Homelessness and Michigan’s Children

Last week I heard a sad but important interview with Matthew Desmond, Pulitzer prize-winning author of Evicted: Poverty and Profit in the American City and now founder of The Eviction Lab, an effort to compile and analyze eviction data nationally. He made a compelling case that eviction is a national emergency on par with the opioid crisis and in itself, a cause, not just an effect, of poverty. When a family is evicted, even if they do not become homeless, studies show they face greater incidence of mental and physical health issues, and job loss.

The primary challenge, as Desmond describes it, is that for the last two decades, most incomes have remained flat (an issue we frequently discuss here at MFI) while housing costs have soared. Renters are spending a greater portion of their incomes on housing. Eventually, it becomes too much. He also found that only about one in four families who qualify for federal housing assistance receive it—leaving everyone else to fend for themselves.

I was curious how Michigan fared so I skimmed through some of the data at the Eviction Lab. Given what we understand at MFI about the current state of Michigan families—40 percent can’t afford basic necessities and many more are barely getting by on low-paying jobs—I wasn’t surprised that eviction is a problem here.

According to the lab’s data, there were more than 34,000 evictions in Michigan last year (almost certainly an underestimate because the database can only count official evictions that went through the courts). Looking through the Eviction Lab’s rankings, by eviction rate, I noted that:

  • Of big cities nationwide, Warren has the ninth worst eviction rate.
  • Michigan has five cities in the worst 21 mid-sized cities (Muskegon, Saginaw, Battle Creek, Dearborn Heights, and Jackson).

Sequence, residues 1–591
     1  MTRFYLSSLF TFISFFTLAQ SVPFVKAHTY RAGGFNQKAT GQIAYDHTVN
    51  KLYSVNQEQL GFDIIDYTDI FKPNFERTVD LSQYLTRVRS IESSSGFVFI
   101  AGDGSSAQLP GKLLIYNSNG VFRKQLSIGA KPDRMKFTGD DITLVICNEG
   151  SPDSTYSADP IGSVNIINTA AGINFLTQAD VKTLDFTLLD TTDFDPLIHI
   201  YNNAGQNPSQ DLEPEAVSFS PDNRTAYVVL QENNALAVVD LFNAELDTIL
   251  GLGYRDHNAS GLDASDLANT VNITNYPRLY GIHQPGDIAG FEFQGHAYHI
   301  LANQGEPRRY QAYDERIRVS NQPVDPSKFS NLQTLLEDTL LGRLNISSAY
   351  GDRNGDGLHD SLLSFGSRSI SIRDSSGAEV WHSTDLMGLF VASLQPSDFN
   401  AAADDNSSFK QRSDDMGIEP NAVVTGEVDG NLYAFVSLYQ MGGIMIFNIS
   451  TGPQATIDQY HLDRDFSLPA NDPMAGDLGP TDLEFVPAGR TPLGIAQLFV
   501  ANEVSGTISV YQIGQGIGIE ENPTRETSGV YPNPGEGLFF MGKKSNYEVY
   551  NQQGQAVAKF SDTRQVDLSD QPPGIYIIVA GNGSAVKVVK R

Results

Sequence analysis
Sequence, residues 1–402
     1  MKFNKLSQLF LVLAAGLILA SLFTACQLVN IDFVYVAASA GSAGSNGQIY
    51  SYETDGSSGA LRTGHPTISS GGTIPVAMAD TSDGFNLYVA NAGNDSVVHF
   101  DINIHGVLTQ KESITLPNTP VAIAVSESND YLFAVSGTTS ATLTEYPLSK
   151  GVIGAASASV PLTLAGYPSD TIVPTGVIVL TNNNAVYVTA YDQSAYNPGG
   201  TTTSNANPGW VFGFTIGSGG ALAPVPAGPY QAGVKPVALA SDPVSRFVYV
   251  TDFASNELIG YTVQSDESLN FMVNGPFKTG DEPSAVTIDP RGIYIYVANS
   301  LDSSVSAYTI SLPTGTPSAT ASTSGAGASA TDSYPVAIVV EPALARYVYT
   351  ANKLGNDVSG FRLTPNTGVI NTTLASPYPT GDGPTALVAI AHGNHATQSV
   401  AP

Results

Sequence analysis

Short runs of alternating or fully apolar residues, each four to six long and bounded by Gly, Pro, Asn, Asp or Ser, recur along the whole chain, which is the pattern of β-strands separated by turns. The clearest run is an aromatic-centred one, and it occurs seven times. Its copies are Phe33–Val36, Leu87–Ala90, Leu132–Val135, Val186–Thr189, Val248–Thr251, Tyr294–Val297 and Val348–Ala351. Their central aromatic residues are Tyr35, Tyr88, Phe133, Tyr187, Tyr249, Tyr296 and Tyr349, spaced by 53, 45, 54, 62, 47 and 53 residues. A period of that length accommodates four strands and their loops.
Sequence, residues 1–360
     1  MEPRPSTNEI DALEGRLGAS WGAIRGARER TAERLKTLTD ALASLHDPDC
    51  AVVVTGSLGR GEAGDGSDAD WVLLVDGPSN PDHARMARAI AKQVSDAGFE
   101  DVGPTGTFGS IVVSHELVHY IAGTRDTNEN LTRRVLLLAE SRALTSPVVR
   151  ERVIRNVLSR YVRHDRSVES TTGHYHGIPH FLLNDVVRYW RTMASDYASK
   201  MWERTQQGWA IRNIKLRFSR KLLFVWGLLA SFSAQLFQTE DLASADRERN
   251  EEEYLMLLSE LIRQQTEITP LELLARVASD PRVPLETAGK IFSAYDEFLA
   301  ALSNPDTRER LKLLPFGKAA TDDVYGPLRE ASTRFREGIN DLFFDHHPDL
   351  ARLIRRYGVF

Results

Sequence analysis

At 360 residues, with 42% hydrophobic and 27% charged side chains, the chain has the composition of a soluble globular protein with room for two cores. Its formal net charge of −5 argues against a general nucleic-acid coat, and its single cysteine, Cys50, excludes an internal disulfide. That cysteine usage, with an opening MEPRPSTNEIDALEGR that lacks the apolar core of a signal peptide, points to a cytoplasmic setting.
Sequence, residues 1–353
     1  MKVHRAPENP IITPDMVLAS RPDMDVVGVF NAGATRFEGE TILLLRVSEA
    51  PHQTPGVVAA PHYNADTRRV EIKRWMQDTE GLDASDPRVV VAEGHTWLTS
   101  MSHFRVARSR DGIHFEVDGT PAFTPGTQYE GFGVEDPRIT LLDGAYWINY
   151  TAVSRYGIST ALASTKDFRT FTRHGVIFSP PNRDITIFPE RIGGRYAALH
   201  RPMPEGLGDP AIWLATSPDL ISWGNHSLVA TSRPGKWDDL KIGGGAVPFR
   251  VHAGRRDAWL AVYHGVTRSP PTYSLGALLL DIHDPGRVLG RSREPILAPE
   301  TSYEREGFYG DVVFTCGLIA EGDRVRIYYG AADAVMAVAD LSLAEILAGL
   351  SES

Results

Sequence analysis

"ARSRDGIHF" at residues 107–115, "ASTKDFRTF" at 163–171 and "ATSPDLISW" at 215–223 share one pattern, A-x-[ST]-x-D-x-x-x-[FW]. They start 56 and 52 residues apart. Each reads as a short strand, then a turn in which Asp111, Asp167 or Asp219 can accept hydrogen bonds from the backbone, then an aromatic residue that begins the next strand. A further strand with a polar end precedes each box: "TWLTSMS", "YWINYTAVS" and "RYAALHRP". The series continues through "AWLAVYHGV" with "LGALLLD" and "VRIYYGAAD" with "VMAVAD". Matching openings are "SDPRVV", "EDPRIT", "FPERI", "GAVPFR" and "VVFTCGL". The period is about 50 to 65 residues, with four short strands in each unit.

• Three of the worst five small town/rural areas for eviction are in Michigan.

The most heartbreaking statistic that Desmond shared is that the median age for someone being evicted in America is 9 years old.

This week I came across a policy brief from Jennifer Erb-Downward and Michael Evangelist at U of M on homelessness and housing instability in Michigan schools. Their research found that Michigan has the 6th highest number of homeless students in the country (vs. the 10th greatest number of students), and that housing instability is a problem all around the state and across urban, rural, and suburban areas. Twelve Michigan public school districts have more than one in seven kids struggling with homelessness. Housing instability, not surprisingly, leads to higher dropout rates and greater vulnerability for kids.

While these two research projects don’t directly reference each other, I couldn’t help but see the connection.

Michigan’s children need an expanded safety net, as we recommend in our report, Sharing prosperity with those not participating in the high-wage knowledge-based economy. One of our primary recommendations, a case worker approach to assisting families who need support, is one way to begin to address with the housing and poverty issues that are hurting Michigan families—including their 9-year-old children.

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